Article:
With Halloween close approaching, it’s time to put up the spectacularly spooky decorations, finish carving the pumpkins, and pick out a costume. This especially applies to households with little ones that will get ready to spend the eve of October 31st darting about from door to door filling their bags to the brim with sugar-filled candy.
Although this holiday is enjoyable for the old and young alike, it is also one of the most environmentally detriment holidays of the year. This stems from all of the trash that accumulates from candy wrappers, the chemicals in that candy, and especially the store-bought costumes made of materials like plastic. It’s so simple to make a few creative changes that keep the fun without harming the planet as much, and some of them have been included in this article.
Instead of buying decorations at a store, why not use items around the house and get the kids involved? This isn’t just a fun experience for the family, but it recycles items. Use egg cartons to make bats. Make a spooky scarecrow (or a nice, friendly one) with old clothes, a hat, and a pumpkin for the head. Create a spider using simple construction paper, a toilet tissue roll for the body, and paint. Use the paint to make a hand print, which is what the legs of the spider will be. Be creative!
If you’re not a craft-minded person, decorate with natural things like pumpkins, gourds, bales of hay, and corn stalks. This look is not only better for the environment, but it is appropriate for the entire fall season, so it can be kept up through November too. Then, these items can be used later on for other purposes, like composting.
Candy! This is what so many little kids look forward to every year during this holiday. The problem is, most of the candy that is consumed is not only full of processed sugar, white flour, and chemicals, but it also comes with a lot of trash. Try to find an alternative by going to a local health store and picking up a bundle of organic lollipops or chocolate. Some of this candy is packaged with more paper than plastic, which is also ideal.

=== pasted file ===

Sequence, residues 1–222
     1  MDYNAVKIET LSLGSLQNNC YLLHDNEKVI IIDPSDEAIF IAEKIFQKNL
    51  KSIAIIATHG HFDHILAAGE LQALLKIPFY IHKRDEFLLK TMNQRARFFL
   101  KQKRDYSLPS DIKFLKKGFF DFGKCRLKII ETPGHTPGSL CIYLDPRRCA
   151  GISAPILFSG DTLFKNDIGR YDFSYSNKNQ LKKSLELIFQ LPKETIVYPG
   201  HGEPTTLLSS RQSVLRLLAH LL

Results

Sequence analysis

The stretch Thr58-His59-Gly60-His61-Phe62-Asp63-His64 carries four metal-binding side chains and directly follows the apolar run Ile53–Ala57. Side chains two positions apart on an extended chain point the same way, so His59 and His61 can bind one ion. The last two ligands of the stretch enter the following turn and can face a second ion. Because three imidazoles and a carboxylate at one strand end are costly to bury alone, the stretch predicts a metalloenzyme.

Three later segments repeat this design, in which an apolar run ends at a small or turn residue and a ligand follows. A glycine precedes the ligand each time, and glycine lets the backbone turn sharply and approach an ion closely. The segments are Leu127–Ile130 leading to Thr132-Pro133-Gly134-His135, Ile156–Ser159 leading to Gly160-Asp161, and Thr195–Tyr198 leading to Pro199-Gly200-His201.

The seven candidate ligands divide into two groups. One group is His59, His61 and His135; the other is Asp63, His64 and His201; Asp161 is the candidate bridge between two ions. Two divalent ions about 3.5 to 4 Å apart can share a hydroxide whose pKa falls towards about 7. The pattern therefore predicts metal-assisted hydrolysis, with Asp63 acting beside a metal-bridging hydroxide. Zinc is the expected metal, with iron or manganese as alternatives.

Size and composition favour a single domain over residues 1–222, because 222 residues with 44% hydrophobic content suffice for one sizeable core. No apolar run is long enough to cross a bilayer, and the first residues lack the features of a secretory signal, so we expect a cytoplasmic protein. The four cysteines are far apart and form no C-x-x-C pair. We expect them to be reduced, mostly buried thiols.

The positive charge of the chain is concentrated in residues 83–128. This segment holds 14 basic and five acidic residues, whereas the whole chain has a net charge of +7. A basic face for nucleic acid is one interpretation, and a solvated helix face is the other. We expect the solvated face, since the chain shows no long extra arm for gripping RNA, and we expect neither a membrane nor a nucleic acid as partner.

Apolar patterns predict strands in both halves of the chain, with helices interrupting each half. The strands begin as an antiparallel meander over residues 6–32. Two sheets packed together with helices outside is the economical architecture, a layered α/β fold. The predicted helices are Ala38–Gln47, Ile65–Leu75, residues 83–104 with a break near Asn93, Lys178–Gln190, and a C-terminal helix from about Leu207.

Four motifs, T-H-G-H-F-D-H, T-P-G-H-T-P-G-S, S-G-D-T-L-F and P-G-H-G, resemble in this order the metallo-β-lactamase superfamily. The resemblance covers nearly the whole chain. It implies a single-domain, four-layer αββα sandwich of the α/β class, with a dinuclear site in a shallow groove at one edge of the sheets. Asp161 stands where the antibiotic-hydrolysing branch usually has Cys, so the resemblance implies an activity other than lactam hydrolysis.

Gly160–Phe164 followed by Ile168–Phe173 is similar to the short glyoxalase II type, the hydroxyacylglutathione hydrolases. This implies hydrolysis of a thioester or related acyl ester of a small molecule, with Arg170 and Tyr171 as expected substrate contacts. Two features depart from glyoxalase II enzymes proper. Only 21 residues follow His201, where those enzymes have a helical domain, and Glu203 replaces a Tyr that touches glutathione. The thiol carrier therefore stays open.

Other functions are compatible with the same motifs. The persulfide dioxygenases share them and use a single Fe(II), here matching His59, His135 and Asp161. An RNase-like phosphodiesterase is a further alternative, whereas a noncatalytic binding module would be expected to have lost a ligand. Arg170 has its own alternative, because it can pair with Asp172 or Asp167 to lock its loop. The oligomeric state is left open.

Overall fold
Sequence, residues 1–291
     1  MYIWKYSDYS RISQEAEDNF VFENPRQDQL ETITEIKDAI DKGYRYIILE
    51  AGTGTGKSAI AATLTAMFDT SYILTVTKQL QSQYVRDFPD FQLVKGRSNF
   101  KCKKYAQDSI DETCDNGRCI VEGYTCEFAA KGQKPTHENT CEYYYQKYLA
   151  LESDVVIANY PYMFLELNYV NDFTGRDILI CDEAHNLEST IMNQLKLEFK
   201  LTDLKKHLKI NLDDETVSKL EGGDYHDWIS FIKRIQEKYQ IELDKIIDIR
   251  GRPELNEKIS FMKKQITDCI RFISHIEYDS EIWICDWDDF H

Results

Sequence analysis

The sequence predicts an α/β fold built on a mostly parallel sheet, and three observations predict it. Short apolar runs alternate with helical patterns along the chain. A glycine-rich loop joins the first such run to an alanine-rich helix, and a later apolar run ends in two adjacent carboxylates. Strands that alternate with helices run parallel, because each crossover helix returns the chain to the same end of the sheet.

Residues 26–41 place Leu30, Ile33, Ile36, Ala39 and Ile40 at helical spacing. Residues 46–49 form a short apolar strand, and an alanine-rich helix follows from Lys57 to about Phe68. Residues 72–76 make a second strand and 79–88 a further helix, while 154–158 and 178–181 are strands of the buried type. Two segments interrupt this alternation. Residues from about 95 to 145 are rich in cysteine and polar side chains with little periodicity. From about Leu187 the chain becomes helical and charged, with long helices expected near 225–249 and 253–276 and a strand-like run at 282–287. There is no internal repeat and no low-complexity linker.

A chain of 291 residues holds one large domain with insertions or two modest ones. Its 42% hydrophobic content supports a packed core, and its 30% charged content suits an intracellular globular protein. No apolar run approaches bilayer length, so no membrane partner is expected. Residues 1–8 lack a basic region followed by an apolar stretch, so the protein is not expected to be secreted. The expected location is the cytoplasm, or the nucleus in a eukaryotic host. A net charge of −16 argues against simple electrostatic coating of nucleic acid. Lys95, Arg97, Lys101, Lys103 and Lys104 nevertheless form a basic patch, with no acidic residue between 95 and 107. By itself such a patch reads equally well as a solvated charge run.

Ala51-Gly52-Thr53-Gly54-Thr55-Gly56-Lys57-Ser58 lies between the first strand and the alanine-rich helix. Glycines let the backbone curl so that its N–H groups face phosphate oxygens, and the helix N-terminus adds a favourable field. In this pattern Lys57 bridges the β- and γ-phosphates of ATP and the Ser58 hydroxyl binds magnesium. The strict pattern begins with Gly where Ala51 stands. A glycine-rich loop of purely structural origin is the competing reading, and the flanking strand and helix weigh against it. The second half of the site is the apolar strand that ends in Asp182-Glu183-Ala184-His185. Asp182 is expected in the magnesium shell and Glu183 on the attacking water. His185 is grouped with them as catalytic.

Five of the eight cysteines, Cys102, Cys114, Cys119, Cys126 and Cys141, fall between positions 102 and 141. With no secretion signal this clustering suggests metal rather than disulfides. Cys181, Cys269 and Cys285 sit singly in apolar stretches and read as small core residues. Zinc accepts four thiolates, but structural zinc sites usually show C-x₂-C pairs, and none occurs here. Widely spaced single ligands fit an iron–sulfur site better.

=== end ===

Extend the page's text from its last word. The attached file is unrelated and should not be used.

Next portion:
If this isn’t an option, make something to hand out to the kids like homemade cookies or serve apple cider to the neighborhood. Obviously some people will be hesitant to give their kids candy that isn’t individually wrapped, but if you are friendly with your neighbors or even if you’re not, you could explain to them that you are trying to do something that is healthier. Also, something like fruit, especially packs of sweet raisins, or granola bars are healthy alternatives that still have a sweet taste without all of the sugar.
Trick-or-Treating is one of the main parts of Halloween. Many kids carry around plastic buckets shaped like pumpkins or witches, or simply use plastic bags. Instead of using a plastic container, get a tote bag that can be used for years to come. It’s not only better for the environment but also will be easier to carry and there is no way for the bag to rip. There is also a lesser chance of a spill because of the design. Many tote bags come in cute designs that won’t go out of style for the next year. Other options are a reusable shopping bag, or something that has been used previously and is still in good condition.
For lighting, many people use flashlights that use up a lot of battery life. Instead of getting a traditional flashlight, use something that will save energy. Lights outside can be LEDs or the lights in pumpkins can be candles made out of natural materials like beeswax or soy.
Many people choose to go outside of their neighborhoods for Halloween festivities. This can include a lot of driving, especially if they are trick-or-treating in a neighborhood where the houses aren’t close together. Find a well-lit area where the kids and adults can walk together from house to house. If people are spread out all over the city, agree to come together at one person’s house and have a Halloween party. Have activities to do together even if it’s just watching a Halloween movie and enjoying each others company. What’s more fun than that?
Store-bought costumes are often made out of plastic or similar materials and are often really uncomfortable. Get out some scissors and make your own costume! This isn’t only better for the environment but it can also be really fun! You don’t have to be a plain old ghost just because you made your costume! Dress it up by being a scarecrow or a hippy by combining old clothes and adding some makeup. Use your own ideas and the items around you. You are sure to come up with something magnificent!
Overall, according to the U.S. Census Bureau, an estimated 36 million children went trick-or-treating for Halloween in 2009. That can accumulate to billions of pounds of trash, wasted food, and materials from costumes. Don’t contribute to the numbers by doing your part to help the environment this Halloween, and don’t forget to be creative!